image from: http://bit.ly/Q16ckD
Yesterday I spent the better part of the afternoon
completing an interview for an online magazine to help promote me and my
writing. Since they have a technology focus, one of the questions asked how
technology and e-publishing has changed how I write. After checking the mirror
for crow’s feet, I explained that I’m young enough that beyond my elementary
school days of journaling in blue books, technology has always been a part of
my writing. I’m not denying that it has progressed tremendously since the days
of floppy disks, but since it’s always been there in some form or another, its
evolution never fazed me. In some ways the technology has grown up right along
side my generation; as we sophisticated, so did it.
E-publishing is a different story, though. It’s new, even to
my generation. Reading books that aren’t physical books at all, but digital
files on an electronic device is a change. People don’t like change. When it
comes to politicians, bad habits, or anything else that grates their nerves,
they may say, “It’s time for a change.” What they mean, though, is that it’s
time to fix what we currently have. Younger readers may be more likely to
embrace ebooks, but many readers will tell you that their paper books will have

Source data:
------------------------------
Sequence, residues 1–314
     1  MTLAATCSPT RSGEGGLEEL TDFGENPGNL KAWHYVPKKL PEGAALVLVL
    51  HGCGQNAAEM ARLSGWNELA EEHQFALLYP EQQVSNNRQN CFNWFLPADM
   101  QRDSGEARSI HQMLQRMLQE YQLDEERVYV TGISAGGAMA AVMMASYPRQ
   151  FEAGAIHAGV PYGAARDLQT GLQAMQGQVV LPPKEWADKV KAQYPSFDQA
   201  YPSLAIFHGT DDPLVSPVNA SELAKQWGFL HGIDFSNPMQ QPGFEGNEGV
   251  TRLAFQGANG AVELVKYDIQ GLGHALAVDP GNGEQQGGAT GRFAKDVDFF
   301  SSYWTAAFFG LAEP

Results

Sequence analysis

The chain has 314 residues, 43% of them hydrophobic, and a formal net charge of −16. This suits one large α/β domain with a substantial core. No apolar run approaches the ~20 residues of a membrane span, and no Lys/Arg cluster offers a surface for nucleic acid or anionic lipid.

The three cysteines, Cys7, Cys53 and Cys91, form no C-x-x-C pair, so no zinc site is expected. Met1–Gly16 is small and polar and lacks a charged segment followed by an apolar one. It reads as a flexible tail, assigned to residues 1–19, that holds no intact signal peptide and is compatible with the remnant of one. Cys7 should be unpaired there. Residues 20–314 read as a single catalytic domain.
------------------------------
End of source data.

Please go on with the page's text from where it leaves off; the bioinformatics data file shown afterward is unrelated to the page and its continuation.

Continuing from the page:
to be pried from their cold dead hands. This reluctance is understandable and
forgivable. We can choose what books we read. We should also be able to choose
how we read them. Besides, who doesn’t love the smell of a book?
The stigma of e-publishing goes beyond the disdain for
e-readers, though. There is a belief that works only published electronically
are of lesser quality and value. There is some legitimacy to this argument.
With self-publishing as easy as clicking a couple of buttons, there are some
truly horrid ebooks out there. When I see an ebook on Amazon that has spelling
and grammatical errors in the blurb, I cringe, not just out of embarrassment
for the writer, but because it makes all ebook authors look bad. I want to
email them and beg them to do the rest of us a favor by hiring an editor.
However, just because many authors of ebooks went with an e-publisher or
self-published because they weren’t picked up by a ‘big six’ publisher, doesn’t
necessarily mean that their work is of lower quality or less entertaining. It
might be that the market they wrote for was over-saturated, for instance if
they wrote yet another vampire series. Silly writer. Or it could be that the
book was great, but that the author never managed to nail the query. Trust me,
it’s a very different type of writing. Or maybe they just became impatient and
wanted the control of publishing their own piece. There’s a lot to be said for
the freedom of choosing one’s own cover. The point is, ebooks are just that,
books. Some people will like some ebooks, others won’t, just the way some
people will like some print books, while others won’t. Check out the Amazon
reviews of your favorite book, if there are more than ten, chances are at least